Intel D875PBZ - Page 4

..:: D875PBZ “Bonanza” Layout: Socket Area ::..

Overall, the design of the Intel D875PBZ is impressive, especially considering the neat layout and orientation of all of the onboard chips, connectors, and other devices. The D875PBZ utilizes a stylish black PCB much like what we saw with the D845PEBT2, certainly something a modding fan might take notice of. The main thing that will jump out at many of you is the shear size of the 82875P Northbridge heatsink unit. This is one massive piece of Aluminum and it does a very nice job of keeping the 82875P chip running as cool as possible. My personal favorite item dealing with the layout of the D875PBZ would have to be the location of the main 12V ATX power connector. I certainly consider this to be in an ideal position for proper system airflow. That’s a quick overview of the more important aspects we’ll be discussing, now let’s get on with a more detailed look at the D875PBZ.

The D875PBZ comes along with the usual black heatsink retention system that is utilized for the Pentium 4 processors. The processor socket is oriented lengthwise from north to south and roughly reaches to the top edge of the PCB with only a few millimeters to spare. As you can see, we already have our 800MHz FSB Pentium 4 mounted in the processor socket for added color…ok maybe not. The area to the right of the processor socket is very clean and clear of any large devices. Here we also come across the location of the white, three-pin CPU fan connector. This connector is located in the open and will be easily accessible in all situations, unlike what we saw with the D845PEBT2. Even with DIMM’s filled, there won’t be any problems considering the amount of space between the CPU retention mechanism and the first set of DIMM’s.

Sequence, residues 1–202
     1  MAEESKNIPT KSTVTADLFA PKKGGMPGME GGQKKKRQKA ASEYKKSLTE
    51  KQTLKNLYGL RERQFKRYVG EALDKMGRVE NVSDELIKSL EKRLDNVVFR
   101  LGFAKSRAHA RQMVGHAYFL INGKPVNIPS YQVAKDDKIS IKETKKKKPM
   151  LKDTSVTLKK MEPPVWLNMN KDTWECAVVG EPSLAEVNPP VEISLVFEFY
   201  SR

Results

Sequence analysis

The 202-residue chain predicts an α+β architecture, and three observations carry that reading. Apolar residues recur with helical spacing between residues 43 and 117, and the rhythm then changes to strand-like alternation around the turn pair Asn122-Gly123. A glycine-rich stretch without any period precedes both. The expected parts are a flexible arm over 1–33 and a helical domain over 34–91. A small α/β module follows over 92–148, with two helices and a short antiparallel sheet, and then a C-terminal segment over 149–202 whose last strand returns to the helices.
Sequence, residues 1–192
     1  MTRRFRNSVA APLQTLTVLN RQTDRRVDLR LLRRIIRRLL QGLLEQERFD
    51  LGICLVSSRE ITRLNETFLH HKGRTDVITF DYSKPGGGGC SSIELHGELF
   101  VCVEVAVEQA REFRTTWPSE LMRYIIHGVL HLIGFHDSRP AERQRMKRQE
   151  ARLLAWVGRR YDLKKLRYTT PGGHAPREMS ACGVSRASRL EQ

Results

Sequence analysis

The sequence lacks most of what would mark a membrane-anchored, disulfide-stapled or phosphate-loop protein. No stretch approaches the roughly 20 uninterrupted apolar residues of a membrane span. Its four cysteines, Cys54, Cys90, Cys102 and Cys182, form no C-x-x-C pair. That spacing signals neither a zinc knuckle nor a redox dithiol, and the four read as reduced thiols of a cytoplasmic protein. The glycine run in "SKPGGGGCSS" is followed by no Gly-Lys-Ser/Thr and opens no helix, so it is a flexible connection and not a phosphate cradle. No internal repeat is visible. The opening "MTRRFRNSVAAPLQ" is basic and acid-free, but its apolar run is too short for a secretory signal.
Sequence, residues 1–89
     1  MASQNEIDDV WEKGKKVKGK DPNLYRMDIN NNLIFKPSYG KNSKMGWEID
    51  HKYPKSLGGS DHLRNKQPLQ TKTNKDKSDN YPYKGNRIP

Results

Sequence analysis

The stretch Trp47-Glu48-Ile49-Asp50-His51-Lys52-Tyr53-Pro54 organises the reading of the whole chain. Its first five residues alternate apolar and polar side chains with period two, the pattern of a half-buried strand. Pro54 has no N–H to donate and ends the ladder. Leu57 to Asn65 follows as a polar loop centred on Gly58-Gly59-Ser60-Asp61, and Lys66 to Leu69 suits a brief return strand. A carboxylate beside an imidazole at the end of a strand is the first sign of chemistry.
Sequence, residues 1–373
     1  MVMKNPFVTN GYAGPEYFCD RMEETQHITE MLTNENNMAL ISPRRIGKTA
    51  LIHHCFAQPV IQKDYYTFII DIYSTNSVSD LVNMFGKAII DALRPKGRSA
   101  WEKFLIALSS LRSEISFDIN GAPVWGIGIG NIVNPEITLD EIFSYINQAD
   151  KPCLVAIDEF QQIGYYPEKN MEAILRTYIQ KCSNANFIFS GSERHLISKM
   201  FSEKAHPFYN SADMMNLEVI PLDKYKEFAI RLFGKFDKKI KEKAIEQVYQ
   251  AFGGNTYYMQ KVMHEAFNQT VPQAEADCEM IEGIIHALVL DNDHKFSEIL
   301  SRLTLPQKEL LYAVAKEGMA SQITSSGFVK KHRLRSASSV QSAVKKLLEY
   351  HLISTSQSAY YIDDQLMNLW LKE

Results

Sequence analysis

Along the left hand side of the processor socket area, we come across the usual mass of electrical components and capacitors. The components are very neatly organized in a linear fashion, and add a little contrast to the motherboard as they are of course yellow. There are eight small MOSFET’s located in a slightly staggered array in this area, and we can also see that the D875PBZ utilizes a two-phase power solution because of the dual inductors. If we take a look towards the bottom of the capacitors and MOSFET’s, we can also see the four-pin core voltage power connector. I don’t particularly care for it to be so low on the board, although given the fact that the cabling for this connector is virtually null and in most cases can easily be routed throughout the case, it isn’t a big issue. If we take a look towards the top edge of the board, we’ll come across the second of four white, three-pin power connectors. This connector can be used for the fan that should be placed in the rear of the chassis for airflow exhaust. Although this connector is placed high on the board, the relative cleanliness of the area should allow fairly easy access to it whenever need be.